It is nice having something in that space. Need to start planning a larger piece.

How to fix the bow?

The piece is constructed of two pieces of hardware cloth bound together.

Sticks and Stones Back

Sticks and Stones Front

Bending should be an easy fix for the bowed out corner, but when I gave it a go, it did not change how it hung.

It really should be bent a bit toward the center, but I do not want to risk breaking the sticks that make up the code.

Sticks and Stones Code Detail

The plan is to let it hang until I figure out the bow problem.

Slat Book Progress…

Sunday, October 11th, 2015

I have been planning to make a slat book using the middle bit (ovary) from Pandorea jasminoides seed pods. I planned the code, “accustomed to being invisible” that will be stitched onto the plant bits.

Invisible Code

Holes in Pandorea jasminoides

I used a needle tool to make holes in one piece. The piece fractured in half.
I then used a Dremel to drill holes. When I started stitching, with nettle, part of the edge broke away.

This is what the nettle twine looks like with the Pandorea jasminoides bits.

I decided to give glycerin a go to soften the pieces and to make them able to take the stitching. I am trying to solutions–one with hot water and one with denatured alcohol.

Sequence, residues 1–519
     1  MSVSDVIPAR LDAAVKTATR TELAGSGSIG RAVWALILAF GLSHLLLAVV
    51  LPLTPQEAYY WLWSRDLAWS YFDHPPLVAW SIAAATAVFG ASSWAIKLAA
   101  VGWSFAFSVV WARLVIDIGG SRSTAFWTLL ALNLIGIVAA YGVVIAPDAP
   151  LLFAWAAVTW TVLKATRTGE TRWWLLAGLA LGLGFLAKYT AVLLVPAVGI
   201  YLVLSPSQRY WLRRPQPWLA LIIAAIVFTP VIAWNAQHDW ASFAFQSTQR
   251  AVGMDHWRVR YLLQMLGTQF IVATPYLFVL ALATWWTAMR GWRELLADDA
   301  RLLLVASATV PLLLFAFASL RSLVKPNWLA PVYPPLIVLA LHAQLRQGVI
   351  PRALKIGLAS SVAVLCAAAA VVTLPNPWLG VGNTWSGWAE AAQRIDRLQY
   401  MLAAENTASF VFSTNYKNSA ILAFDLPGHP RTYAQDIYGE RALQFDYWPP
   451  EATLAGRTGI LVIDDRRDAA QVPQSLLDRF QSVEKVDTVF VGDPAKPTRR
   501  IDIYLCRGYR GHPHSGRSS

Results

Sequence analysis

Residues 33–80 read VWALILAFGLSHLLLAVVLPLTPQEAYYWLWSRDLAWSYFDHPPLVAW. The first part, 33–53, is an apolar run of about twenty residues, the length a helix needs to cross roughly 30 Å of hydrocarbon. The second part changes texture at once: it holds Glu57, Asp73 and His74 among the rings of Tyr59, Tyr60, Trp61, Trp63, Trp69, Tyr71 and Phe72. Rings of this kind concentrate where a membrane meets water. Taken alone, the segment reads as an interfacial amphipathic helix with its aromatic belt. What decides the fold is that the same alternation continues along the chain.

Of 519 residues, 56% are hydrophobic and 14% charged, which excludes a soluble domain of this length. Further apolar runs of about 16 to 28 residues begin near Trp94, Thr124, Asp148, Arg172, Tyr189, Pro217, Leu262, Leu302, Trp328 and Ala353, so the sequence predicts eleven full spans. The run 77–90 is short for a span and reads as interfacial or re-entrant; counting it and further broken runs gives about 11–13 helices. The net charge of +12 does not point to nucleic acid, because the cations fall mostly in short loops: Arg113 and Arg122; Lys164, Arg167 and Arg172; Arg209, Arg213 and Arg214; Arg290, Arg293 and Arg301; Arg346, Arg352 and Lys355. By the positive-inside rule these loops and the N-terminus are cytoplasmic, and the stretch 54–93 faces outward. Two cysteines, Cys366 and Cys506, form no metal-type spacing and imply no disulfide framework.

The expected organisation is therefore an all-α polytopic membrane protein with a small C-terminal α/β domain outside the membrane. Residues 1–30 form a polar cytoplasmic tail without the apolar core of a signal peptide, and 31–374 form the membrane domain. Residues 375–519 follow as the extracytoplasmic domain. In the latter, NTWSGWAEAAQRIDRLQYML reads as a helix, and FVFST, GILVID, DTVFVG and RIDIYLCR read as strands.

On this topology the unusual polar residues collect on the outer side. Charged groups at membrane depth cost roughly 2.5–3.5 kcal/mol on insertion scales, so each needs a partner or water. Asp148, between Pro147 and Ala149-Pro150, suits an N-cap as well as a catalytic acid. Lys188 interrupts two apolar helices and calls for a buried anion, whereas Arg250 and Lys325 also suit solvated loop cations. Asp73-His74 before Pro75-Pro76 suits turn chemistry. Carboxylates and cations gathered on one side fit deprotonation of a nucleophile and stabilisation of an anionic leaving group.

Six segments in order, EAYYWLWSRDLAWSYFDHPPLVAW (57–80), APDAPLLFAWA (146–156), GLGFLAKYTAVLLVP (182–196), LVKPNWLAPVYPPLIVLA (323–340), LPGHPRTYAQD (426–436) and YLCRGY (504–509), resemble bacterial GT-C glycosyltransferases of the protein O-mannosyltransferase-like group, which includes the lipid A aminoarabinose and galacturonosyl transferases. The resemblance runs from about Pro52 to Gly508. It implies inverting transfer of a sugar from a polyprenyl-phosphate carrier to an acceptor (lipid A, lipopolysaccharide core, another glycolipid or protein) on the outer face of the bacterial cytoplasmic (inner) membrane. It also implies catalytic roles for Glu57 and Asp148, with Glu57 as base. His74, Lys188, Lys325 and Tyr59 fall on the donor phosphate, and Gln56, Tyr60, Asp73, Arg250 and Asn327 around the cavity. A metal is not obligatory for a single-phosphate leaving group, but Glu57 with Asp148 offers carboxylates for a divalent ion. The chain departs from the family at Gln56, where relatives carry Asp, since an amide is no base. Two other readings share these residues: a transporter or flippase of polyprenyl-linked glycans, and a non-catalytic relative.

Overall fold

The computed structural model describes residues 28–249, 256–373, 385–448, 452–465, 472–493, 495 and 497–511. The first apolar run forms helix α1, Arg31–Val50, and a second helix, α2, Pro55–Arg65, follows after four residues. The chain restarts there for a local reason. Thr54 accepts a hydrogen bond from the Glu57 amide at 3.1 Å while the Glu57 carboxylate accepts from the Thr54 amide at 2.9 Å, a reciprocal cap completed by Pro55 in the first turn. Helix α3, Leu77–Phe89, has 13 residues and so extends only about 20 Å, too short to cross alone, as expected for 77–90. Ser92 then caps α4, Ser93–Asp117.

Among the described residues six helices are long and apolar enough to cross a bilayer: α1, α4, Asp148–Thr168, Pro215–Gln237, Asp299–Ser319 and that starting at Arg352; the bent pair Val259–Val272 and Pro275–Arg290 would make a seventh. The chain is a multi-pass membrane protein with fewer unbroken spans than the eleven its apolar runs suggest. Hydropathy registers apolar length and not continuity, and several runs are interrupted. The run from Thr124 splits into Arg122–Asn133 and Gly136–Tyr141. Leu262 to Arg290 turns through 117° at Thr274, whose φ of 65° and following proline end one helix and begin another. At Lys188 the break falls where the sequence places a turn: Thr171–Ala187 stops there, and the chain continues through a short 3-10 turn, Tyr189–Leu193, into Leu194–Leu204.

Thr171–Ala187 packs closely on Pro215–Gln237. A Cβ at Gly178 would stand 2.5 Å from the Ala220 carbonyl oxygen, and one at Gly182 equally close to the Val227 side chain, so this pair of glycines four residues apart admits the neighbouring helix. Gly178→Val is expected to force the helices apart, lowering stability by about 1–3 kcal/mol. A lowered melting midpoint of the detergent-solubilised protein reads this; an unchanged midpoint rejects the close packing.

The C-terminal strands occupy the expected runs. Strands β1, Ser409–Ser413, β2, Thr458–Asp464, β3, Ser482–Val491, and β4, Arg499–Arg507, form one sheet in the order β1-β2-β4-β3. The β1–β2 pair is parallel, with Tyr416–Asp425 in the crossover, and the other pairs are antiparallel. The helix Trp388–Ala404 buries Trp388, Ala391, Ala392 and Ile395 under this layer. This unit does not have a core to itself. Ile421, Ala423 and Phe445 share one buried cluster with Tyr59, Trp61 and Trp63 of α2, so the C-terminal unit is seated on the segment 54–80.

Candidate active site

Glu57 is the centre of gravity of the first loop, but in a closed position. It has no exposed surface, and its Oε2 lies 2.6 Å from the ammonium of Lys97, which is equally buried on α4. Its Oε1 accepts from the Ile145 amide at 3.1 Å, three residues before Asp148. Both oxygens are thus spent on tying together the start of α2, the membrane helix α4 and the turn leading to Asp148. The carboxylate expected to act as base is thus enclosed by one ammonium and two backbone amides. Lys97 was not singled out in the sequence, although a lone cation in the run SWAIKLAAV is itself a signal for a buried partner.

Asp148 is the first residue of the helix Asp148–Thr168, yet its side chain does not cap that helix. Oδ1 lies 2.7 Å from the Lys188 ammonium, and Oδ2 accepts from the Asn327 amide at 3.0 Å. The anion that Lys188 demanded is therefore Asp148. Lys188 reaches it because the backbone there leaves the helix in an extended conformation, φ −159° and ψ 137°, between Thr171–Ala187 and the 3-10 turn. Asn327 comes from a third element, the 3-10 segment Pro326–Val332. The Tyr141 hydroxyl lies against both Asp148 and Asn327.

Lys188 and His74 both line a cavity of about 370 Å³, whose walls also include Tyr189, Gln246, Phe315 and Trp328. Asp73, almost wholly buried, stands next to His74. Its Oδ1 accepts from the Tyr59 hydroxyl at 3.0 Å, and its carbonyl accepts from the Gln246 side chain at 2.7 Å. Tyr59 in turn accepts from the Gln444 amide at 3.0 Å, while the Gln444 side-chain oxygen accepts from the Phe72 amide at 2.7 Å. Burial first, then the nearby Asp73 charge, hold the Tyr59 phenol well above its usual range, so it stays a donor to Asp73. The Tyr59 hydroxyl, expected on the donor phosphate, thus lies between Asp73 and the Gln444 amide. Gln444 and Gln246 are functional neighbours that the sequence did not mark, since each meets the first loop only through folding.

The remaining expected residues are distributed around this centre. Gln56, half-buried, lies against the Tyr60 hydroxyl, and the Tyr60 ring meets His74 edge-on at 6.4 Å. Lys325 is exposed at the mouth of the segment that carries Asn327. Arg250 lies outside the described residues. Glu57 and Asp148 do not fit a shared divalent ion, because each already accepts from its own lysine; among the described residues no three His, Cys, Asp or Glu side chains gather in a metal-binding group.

The jar on the left is a solution of 1 part gylcerin and 2 parts hot water.
The jar on the right is a solution of 2 parts glycerin and 1 part denatured alcohol.

It is interesting that many processes do require waiting. Sometimes a process can be sped up, most of the time patience is required.

Slat Book in Progress

Thursday, September 17th, 2015

I snagged some Pandorea jasminoides seed pods from a friend’s garden. They are woody and beautiful.


Open Pod

Open Pod Exposing Seeds

Pod Interior

Pod, Seeds Removed, With Interior Part

The pods have been used in my Change series.

Change Series

I kept the interior bits and seeds for possible future use.

Interior Bits


Curious if the seeds were viable, so I planted a few–


I kept thinking about the interior bits. How could I use them? Recently ran across reference to slat books in one of my sketch books.

So, I selected the bits with the most interesting light lines.


The plan is to stitch a letter on each bit, then stitch them together. I had thought about using Ogham or A-tom-tom code, but for various reasons they didn’t feel right. Instead I made a stitch pattern based on Morse code. I actually made three versions. This is the phrase: Long forgotten memory.

Code for Long Forgotten Memory

For the slat book, I am deciding between the phrases, link with the past and accustomed to being invisible. Probably will use bamboo cord or Egyptian cotton thread for the stitch work.

When I quickly searched for the two types of code that I decided not use, I realized that both times I hit Omniglot, the online encyclopedia of writing systems and languages. It is a great site with loads of information.

Strip or Slat books were made of a variety of material–bamboo, bark, and palm leaves. The material was cut into slats. The slats were either bound together or holes were made and cord was threaded through binding the slats together.

Information about the history of books and slat books can be found on the
Harry Ransom Center, The University of Texas at Austin website.

Slat Book

Information on Horizontal and Vertical Writing in East Asian Scripts can be found on Wikipedia.